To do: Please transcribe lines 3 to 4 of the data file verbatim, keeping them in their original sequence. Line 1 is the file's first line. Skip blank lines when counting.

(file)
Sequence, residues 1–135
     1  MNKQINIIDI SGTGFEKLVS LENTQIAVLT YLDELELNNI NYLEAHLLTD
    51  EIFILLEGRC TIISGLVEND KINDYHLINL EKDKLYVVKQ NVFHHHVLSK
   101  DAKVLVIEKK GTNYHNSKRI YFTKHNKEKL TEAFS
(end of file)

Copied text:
    51  EIFILLEGRC TIISGLVEND KINDYHLINL EKDKLYVVKQ NVFHHHVLSK
   101  DAKVLVIEKK GTNYHNSKRI YFTKHNKEKL TEAFS